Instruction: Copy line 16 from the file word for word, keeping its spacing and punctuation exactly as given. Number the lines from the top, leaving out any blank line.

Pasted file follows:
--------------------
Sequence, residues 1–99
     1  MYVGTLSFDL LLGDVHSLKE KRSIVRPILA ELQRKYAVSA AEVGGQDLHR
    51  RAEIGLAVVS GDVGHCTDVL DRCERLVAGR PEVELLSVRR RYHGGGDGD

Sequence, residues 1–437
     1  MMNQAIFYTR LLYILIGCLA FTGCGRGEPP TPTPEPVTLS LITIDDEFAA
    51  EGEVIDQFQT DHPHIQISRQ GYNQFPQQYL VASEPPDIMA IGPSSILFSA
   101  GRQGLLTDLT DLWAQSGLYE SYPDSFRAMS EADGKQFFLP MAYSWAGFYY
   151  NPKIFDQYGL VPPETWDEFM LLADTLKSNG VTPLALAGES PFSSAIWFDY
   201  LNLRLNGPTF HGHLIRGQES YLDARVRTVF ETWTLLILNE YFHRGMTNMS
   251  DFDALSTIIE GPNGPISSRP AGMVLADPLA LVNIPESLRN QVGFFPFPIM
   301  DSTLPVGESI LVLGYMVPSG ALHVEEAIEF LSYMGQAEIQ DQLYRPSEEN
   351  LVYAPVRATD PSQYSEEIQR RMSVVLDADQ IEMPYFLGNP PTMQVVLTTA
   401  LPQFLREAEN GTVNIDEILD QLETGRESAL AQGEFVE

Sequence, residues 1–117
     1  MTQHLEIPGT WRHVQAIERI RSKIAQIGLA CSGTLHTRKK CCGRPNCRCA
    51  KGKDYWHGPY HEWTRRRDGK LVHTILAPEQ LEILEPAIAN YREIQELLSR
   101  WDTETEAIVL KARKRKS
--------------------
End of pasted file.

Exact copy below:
    51  KGKDYWHGPY HEWTRRRDGK LVHTILAPEQ LEILEPAIAN YREIQELLSR